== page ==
Hamburg Recent History

By | October 11, 2021

In 1815, Hamburg joined the German Confederation as a Free and Hanseatic City, but stayed away from the German Customs Union for the time being. The Rauhe Haus was built in Hamburg-Horn in 1833 by J. H. Wichern founded. Hamburg adopted a new constitution in 1860. Two years after the German War (1866), in which Hamburg had not actively participated, military sovereignty was transferred to Prussia. Hamburg remained customs abroad, which became untenable after the transition of the Reich to the protective tariff policy (1879). With the agreements concluded in 1881 and implemented in 1888, the entire residential city of Hamburg joined the German customs association, while a free area was created for the port. Until the First World War, this regulation led to constant improvements in the port and electricity construction facilities and made Hamburg both a sea gate and one of the most important industrial locations in Germany. Accordingly, the population rose from (1880) 412,000 to (1900) 706,000 by 1913 to 1,030,000. See ABBREVIATIONFINDER.ORG for acronyms about Hamburg.

In 1921 Hamburg received a parliamentary-democratic constitution; The first mayors were: Arnold Friedrich Georg Diestel (1920–24), C. Petersen (1924–29, 1932–33), Rudolf Ross (1930–31). In 1933 the National Socialist Reich government dissolved the elected citizenship and placed the city under a Reich governor (K. Kaufmann). In 1937 the Prussian cities of Altona, Wandsbek, Harburg-Wilhelmsburg and 27 rural communities were incorporated; Cuxhaven came to the province of Hanover, Geesthacht to Schleswig-Holstein. Large-scale air raids (especially March 4th and between July 24th and 30th 1943, April 8th / 9th 1945) caused severe destruction (around 55,000 deaths).

On May 3, 1945, Hamburg became part of the British occupation zone without a fight. As a result of dismantling, the city lost a substantial part of the shipbuilding industry and, as a result of the forced transfer of ownership to the victorious powers, most of the merchant ships (including fishing vessels) based in it. In 1948 the economy began to be rebuilt (shipbuilding, establishment of a shipping-independent industry, merchant shipping). During the German split (1949–90), the city lost an important part of its economic hinterland.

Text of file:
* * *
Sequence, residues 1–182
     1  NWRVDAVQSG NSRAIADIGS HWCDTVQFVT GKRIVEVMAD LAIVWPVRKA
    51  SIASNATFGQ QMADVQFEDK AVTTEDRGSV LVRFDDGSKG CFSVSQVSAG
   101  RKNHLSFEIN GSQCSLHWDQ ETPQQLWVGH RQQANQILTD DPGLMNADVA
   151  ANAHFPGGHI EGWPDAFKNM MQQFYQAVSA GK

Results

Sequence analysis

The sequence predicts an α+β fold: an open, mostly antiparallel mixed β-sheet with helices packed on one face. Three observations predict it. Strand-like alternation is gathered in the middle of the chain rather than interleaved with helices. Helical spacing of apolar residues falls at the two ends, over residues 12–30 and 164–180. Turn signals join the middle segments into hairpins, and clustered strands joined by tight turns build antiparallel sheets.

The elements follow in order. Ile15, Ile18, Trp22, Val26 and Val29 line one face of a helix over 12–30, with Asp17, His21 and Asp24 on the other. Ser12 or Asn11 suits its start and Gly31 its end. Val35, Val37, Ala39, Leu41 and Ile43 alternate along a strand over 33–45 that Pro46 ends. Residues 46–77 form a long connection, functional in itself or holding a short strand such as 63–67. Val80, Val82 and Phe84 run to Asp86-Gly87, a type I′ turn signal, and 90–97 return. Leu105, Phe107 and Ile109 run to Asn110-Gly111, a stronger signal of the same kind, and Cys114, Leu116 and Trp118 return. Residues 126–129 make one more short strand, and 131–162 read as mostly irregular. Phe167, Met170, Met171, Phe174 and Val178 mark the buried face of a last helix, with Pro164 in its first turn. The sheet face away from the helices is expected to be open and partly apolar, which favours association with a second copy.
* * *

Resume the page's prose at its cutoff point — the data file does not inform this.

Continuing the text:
In 1949 the city became a Land of the Federal Republic of Germany. On June 6, 1952, the “Constitution of the Free and Hanseatic City of Hamburg” came into force. The strongest party in Hamburg from the first general election in November 1946 to September 2001 was always the SPD (1946–53, 1957–74, 1978–82 and 1982–86 absolute majority), from the CDU only from June to December 1982 and from November Ousted from this position from 1986 to May 1987; Until 2001 the SPD – except 1953–57 Kurt Sieveking (* 1897, † 1986; CDU) – provided the First Mayor: 1946–53 and 1957–60 M. Brauer, 1961–65 Paul Nevermann (* 1902, † 1979), 1965–71 Herbert Weichmann (* 1896, † 1983), 1971–74 Peter Schulz (* 1930, † 2013), 1974–81 Hans-Ulrich Klose (* 1937), 1981–88 K. von Dohnanyi, 1988–97 H. Voscherau from 1993 in cooperation with the voter association, instead of party, established in the same year, 1997–2001 Ortwin Runde (* 1944; for the first time in one Coalition with the Green Alternative List (GAL; until 2012 name for the Hamburg regional association of Bündnis 90 / Die Grünen). From 2001, O. von Beust (CDU) was first mayor, initially in a “civic block” government made up of the CDU, FDP and the temporarily strong “Schill Party” (named after its founder), with an absolute majority of mandates from 2004, with the GAL from 2008. O. von Beust resigned from his office in August 2010, and was succeeded by C. Ahlhaus (CDU). On November 28, 2010, the GAL prematurely ended its coalition with the CDU. In the general election on February 20, 2011, the SPD won an absolute majority of the seats. O. Scholz (SPD) was elected First Mayor on March 7, 2011. The SPD, led by O. Scholz, also won the 2015 general election by a clear margin, but lost an absolute majority. SPD and Alliance 90 / The Greens agreed on a coalition government. O. Scholz was re-elected First Mayor on April 15, 2015. In a referendum on November 29, 2015, a majority of 51.6% rejected the city’s application for the 2024 Olympic Games. A G20 summit took place in Hamburg on July 7th and 8th, 2017. In this context, there was devastation, arson and looting by militant G20 opponents. Severe clashes between the security forces and the perpetrators left hundreds of people injured. At the end of March 13, 2018, O. Scholz resigned from the office of First Mayor and became Minister of Finance in the new federal government of A. Merkelon March 14, 2018 On March 28, 2018, P. Tschentscher (SPD) was elected as the new First Mayor.

From the 12th century onwards, the city of Hamburg was repeatedly plagued by devastating storm surges (evidenced by the so-called Julian flood of 1164 with great damage to the first Elbe dykes and the “Große Manntränke” [“Grote Mandränke”] from 1362, one of the largest storm surges and Natural disasters in the Middle Ages, especially in North Frisia). The storm surge triggered by a hurricane over the North Sea in the night of February 16 to 17, 1962 shook with its 60 dike breaches, the inclusion of the population of Neuenfelde and Altenwerder as well as floods that lasted for days (up to 150 km 2; Highest water level in Sankt Pauli 5.70 m; 315 fatalities in the area of ​​the city) the security consciousness of the Hamburg citizens and led to the establishment of a committee of inquiry; the rescue measures were directed by Interior Senator H. Schmidt. As a result of the protective measures and dyke reinforcements initiated in its wake, the next storm surge (January 3 and 21, 1976) – despite the highest water level in Sankt Pauli of 6.45 m – remained largely without consequences.

Hamburg Recent History